To read the complete report go here...

Ruthenium catalyst? Go to this link to read an interesting history about ruthenium and about the complex chemical process used to isolate this toxic metal...

Ruthenium IS toxic. Read this report from the Netherlands...

Getting back on track with propylene glycol, here are many other tidbits about propylene glycol from various internet sources:

Propylene glycol is used in antifreeze and de-icing solutions. It is used as a solvent in the paint and plastics industries, and to make polyester compounds. It is used as a substitute for ethylene glycol mono-alkyl ethers in all-purpose cleaners, coatings, inks, nail polish, lacquers, latex paints, and adhesives. It is also used to create artificial smoke or fog used in fire-fighting training and in theatrical productions.

Propylene glycol 8/12/2002 and polyethylene glycol 400 (PEG 400) have been shown to differ in their potential to cause muscle damage following I.V. injection. In previous studies, propylene glycol was found to be more myotoxic than PEG 400, with cytosoliccalcium playing a role in mediating this damage.

CODE OF FEDERAL REGULATIONS - Propylene glycol. (a) Propylene glycol (C3H8O2, CAS Reg. No. 57-55-6) is known as 1,2-propanediol. It does not occur in nature. Propylene glycol is manufactured by treating propylene with chlorinated water to form the chlorohydrin which is converted to the glycol by treatment with sodium carbonate solution. It is also prepared by heating glyercol with sodium hydroxide.

National Organic Standards Board Ontario, CA March 16-20, 1998

Areas in Proposed Rule that need modification and/or clarification from USDA 205.16 (a)(2)(iii) Product Composition "A non-organically produced agricultural product or a non-agricultural ingredient included on the National List that is extracted without the use of a synthetic volatile solvent or which does not contain propylene glycol as a carrier, if commercially available, shall be selected in preference to a product or ingredient that is extracted with a synthetic volatile solvent or which contains propylene glycol as a carrier." *Committee recommendation: Delete. Organically produced alternatives which do not use propylene glycol or hexane extracted solvents are commercially available.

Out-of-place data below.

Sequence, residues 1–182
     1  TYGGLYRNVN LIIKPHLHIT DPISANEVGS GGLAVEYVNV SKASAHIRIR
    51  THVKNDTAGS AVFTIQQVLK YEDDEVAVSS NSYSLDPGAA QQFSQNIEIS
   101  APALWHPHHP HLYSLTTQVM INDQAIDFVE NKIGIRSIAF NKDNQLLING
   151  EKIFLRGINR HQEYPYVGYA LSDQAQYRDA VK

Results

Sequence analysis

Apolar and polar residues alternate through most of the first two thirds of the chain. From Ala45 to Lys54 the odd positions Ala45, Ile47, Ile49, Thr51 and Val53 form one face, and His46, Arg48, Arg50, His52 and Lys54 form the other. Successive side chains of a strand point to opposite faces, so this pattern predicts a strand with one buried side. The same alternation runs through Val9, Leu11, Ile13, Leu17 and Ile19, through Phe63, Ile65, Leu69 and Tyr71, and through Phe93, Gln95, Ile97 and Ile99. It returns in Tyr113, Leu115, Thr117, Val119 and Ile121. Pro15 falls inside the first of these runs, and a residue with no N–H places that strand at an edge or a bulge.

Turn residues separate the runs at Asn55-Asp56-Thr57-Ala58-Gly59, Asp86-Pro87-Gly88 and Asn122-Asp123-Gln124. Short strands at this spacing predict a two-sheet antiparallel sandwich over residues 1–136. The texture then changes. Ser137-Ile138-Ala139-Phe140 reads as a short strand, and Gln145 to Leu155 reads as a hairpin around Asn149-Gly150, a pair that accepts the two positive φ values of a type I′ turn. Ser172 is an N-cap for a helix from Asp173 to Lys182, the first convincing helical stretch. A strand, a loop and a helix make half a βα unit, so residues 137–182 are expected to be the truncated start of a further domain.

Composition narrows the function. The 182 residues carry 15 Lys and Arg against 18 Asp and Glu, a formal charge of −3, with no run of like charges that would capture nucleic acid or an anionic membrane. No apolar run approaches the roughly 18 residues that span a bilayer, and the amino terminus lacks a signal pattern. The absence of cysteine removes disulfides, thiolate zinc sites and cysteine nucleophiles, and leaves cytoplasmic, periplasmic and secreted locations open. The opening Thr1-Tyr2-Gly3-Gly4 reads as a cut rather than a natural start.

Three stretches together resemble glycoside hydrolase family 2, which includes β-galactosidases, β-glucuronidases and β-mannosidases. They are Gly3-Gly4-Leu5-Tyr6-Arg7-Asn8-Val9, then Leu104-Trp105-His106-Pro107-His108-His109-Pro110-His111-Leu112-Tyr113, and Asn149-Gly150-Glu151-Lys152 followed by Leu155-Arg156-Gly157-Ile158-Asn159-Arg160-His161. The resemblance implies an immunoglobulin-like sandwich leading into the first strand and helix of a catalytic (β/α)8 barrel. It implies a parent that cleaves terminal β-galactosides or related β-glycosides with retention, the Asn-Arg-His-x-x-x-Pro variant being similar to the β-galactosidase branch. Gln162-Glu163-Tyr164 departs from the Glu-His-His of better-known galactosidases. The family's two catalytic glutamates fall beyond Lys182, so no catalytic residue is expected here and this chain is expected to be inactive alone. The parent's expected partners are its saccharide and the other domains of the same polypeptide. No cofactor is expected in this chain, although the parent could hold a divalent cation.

Follow NOSB recommendations concerning the use of natural flavors and oil extraction which do not allow propylene glycol or hexane extraction.

The health effects data for propylene glycol were reviewed by the U.S. EPA RfD/RfC Work Group and determined to be inadequate for the derivation of an inhalation RfC. "The verification status of this chemical is currently not verifiable. This substance/ agent has not undergone a complete evaluation and determination under US EPA's IRIS program for evidence of human carcinogenic potential."

Status Among U.S. Certifiers State Organic Certifiers:
Minnesota--Follows USDA suggested guidelines.
Ohio-- Propylene glycol may not be used in organic crops, livestock, or processing, since it is not specifically mentioned in the National List as an allowable synthetic substance.

International IFOAM: In the 2000 final organic rule and in the 2002 final draft, there is no specific mention of propylene glycol as permissible.

CFNP TAP Review Propylene glycol 8/12/2002
It quotes a review by the American Academy of Dermatologists Inc. [January 1991], which stated that propylene glycol causes a significant number of reactions and was a primary irritant to the skin even in low concentrations. "It has been shown that propylene glycol: - has severe adverse health effects and has been found to cause contact dermatitis, kidney damage, and liver abnormalities - inhibits skin growth in human tests - damages cell membranes causing skin rashes, dry skin, and surface damage."

CFNP TAP Review Propylene glycol 8/12/2002 "Manufacturing propylene glycol from propylene, a petrochemical feedstock, presents environmental concerns."